Do you think Forrest was ever… normal?
I think Forrest has always been pretty dumb, selfish, and narcissistic, and blind to the needs of others. But I think it was always in a generally acceptable way. He was a person who probably fumbled through life, made a lot of mistakes, and made a lot of people angry, but I think he was able to do what a lot of people like that do, which is to apologize, promise to do better, and then move on. This show has taken those basic little character flaws and magnified them via extreme life and death situations. The fact that he is so ultra-committed to this show makes Forrest disastrous. He may not have been a model citizen, or model husband, or model father, but I think he was probably getting along just fine until he decided that anything this ridiculous show asked him to do must be done to the fullest extent. That was a bad decision.

Critics have talked about how Forrest and the extreme situations he puts himself in functions as a critique of white male privilege, or even of a certain kind of TV antihero. Do you think you're making a statement? You mentioned earlier trying to pick Forrest's reviews based on whether they "say something."
I don't think we've set out to do any of that. Sometimes we read critics writing about our show, and we think, "Wow, I hadn't thought about it that way, but I agree with it, and I'm so glad someone else saw it." When I was talking about reviews that "say something," good examples of that are our "being a racist" segment, and "curing homosexuality," and also our reviews of cults and conspiracy theories. Those are pieces where someone in the room felt like giving the audience something more meaty to take away from the show. But on a larger level, I don't think we're necessarily setting out to make any giant statements. There are some out there available to be made: about a life/work balance, about getting your priorities right, about how much you're willing to do for success. And of course there's a big thing with Grant, about the extent to which people get used for greed. I feel like Grant is just looking at money, and is willing to ask Forrest to do anything to have a successful television show. So there are all sorts of ideas put out by this show for people to pick up, and that may resonate with people, but we are not primarily guided by a desire to do that.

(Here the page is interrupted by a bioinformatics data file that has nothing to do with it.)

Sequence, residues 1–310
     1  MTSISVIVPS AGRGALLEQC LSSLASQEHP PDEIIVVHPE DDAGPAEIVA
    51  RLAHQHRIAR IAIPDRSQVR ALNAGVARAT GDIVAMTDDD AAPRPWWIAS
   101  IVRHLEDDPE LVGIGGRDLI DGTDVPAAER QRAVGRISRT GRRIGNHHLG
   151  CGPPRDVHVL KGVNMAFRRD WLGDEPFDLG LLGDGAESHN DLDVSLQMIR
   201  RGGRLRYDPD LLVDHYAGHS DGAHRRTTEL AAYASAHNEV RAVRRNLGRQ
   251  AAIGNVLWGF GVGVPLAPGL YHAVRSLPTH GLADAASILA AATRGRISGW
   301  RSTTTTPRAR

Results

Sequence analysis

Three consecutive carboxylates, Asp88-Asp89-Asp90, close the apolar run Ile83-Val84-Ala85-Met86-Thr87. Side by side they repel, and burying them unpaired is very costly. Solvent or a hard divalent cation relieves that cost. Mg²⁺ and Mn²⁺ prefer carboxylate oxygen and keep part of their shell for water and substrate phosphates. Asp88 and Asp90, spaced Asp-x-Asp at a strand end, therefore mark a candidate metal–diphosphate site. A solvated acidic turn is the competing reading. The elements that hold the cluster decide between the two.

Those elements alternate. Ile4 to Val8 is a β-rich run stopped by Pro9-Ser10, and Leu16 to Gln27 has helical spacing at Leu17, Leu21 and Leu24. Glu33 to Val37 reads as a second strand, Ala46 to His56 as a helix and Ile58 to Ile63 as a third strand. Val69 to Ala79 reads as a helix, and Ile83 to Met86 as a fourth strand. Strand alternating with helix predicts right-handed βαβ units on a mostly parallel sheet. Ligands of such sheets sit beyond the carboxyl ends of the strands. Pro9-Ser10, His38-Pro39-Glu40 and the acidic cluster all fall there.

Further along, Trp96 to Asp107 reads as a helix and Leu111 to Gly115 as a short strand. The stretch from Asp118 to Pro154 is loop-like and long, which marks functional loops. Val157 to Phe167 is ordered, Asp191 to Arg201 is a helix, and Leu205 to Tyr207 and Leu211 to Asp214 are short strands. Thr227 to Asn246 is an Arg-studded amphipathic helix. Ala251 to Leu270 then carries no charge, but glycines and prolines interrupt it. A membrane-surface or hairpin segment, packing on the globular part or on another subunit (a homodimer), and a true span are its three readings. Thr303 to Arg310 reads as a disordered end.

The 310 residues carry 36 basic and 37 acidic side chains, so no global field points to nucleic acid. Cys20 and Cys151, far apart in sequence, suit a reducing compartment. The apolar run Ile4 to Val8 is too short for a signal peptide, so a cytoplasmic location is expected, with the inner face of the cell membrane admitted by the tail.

When you did the season two finale, did you have any sense of where you were going to go next? Was that conceived as a possible series-ender?
We liked the idea in both seasons one and two of finishing in a way where if we didn't get brought back, the last episode would function as an ending. Based on the feedback I heard from people, we accomplished that with season two. A lot people said, "I'm dying to know if there's a future for Forrest and Grant, but if the show gets cancelled, we'll just assume that they died." [ Laughs] That's an ending! That's an ending that works.

But I also think that we had in mind that this would be a fun, cliffhanger-y way to end the season that would perhaps get people clamoring for more, to at least answer the question of what happened when they went off that bridge. Our vision was that at least Forrest would survive, and would go on to review life. But beyond that, I don't know that we had a whole hell of a lot more planned. Although, I should add this: At some point in the middle of producing our second season, Jeffrey Blitz, who directs every episode and runs the show with me, presented me with an idea for how Review should end. So that idea is something that we always knew that we were working toward.

Were there any concerns about whether you could top yourself? Season two was hilariously nihilistic.
No, because we went into season three knowing it was going to be the last, our goal was to give something to the fans that felt satisfying, and to make episodes of the show that could be binge-watched, all the way through from episode one to the series finale. We were thinking mainly about that. If we'd gone into season three saying that we had to top the craziness of season two, I think we might've driven ourselves nuts, y'know? Season two opens with Forrest getting shot, and then he gets lost at sea for months in a rowboat, and instigates a cult shootout, and falls off a bridge. I don't think it would've been healthy to set out to ratchet up that level of crazy.